After piracy was eliminated from the Bahamas in the early 1720s the Bahamian government established controls over the wreckers, requiring them to carry salvaged goods to Nassau, where they were auctioned. They also required wreckers to have a government license to do so. However, goods which would be useful on a ship or in a wrecker’s home were often diverted with the government officials turning a blind eye to it.  The wreckers usually received 40% to 60% of the value of the salvaged goods, and many former pirates turned to wrecking as a legal, and very profitable, profession.

Wrecking continued to be a mainstay of the Bahamian economy through most of the 19th century until improved navigation and the building of lighthouses saw the number of wrecks diminish.  In its heyday there were 302 ships and 2,679 men (out of a total population of 27,000) licensed as wreckers in the Bahamas.   Salvaged cargo brought into Nassau in 1856 was valued at £96,304, more than half of all imports to the Bahamas, and more than two-thirds of the exports from the Bahamas were salvaged goods.

Wrecking is featured prominently in the novel I am currently working on, Rum & Wrecks, which will be the second book in the Pirates of the Bahamas series now that I am finished writing the prequel, Love, Lust & Passion, and it has been published.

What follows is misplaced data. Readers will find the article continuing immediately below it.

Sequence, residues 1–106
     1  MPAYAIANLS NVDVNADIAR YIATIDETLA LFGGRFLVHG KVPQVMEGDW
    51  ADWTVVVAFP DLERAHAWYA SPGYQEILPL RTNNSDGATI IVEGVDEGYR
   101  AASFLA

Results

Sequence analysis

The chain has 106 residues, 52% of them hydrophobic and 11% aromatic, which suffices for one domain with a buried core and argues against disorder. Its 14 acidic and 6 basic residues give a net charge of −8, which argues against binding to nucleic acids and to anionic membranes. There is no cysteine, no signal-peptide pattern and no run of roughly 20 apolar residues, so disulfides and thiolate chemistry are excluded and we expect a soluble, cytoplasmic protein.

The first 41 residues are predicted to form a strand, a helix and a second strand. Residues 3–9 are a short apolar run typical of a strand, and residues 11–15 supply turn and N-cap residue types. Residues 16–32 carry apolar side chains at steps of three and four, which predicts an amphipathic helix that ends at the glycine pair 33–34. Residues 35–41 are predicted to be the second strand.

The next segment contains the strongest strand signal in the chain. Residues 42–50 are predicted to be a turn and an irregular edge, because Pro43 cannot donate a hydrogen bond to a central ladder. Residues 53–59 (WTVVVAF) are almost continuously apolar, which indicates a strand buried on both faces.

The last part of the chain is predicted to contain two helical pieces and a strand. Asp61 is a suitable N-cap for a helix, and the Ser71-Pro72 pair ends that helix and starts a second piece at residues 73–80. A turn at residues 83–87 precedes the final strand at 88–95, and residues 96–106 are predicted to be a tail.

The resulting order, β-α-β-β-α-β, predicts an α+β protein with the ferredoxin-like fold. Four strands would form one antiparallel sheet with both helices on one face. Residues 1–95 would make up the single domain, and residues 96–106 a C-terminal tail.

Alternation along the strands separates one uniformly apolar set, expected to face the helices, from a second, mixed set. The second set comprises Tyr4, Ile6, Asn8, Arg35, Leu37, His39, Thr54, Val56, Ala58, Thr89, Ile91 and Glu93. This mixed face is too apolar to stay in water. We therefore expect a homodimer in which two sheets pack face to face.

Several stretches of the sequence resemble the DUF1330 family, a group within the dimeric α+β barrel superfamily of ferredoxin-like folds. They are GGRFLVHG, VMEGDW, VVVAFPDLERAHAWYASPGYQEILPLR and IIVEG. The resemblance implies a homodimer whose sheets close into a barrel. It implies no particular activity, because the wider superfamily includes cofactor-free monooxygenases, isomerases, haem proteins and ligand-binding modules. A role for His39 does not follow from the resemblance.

Love, Lust & Passion book trailer and publishing update

Here’s the book trailer for Love, Lust & Passion:  The Real Story of the Pirate Anne Bonny

The e-book version is life on Amazon:  https://www.amazon.com/dp/B01IU85TYU

And the print version will be available in September, 2016.

The Real Pirate Anne Bonny book is now on Amazon

Download a free copy of the e-book version of Love, Lust & Passion:  The Real Story of the Pirate Anne Bonny , my latest Historical Fiction Novel, from Amazon today and tomorrow (July 24th and 25th).    Please feel free to share, and if you enjoy it please give me a good review.  10-20 five star reviews will help with visibility.

Love, Lust & Passion: The Real Story of the Pirate Anne Bonny

My latest historical novel, Love, Lust & Passion:  The Real Story of the Pirate Anne Bonny, will be available in print in September, 2016 and as an e-book in August, 2016.  Here’s the blurb:

Learn about the real life of Anne Bonny, a teenager who runs away from the confining life of colonial Carolina to Nassau in New Providence, Bahamas hoping to enjoy the lust filled, idealized life of freedom as a pirate, but ends up learning about the costs of that freedom.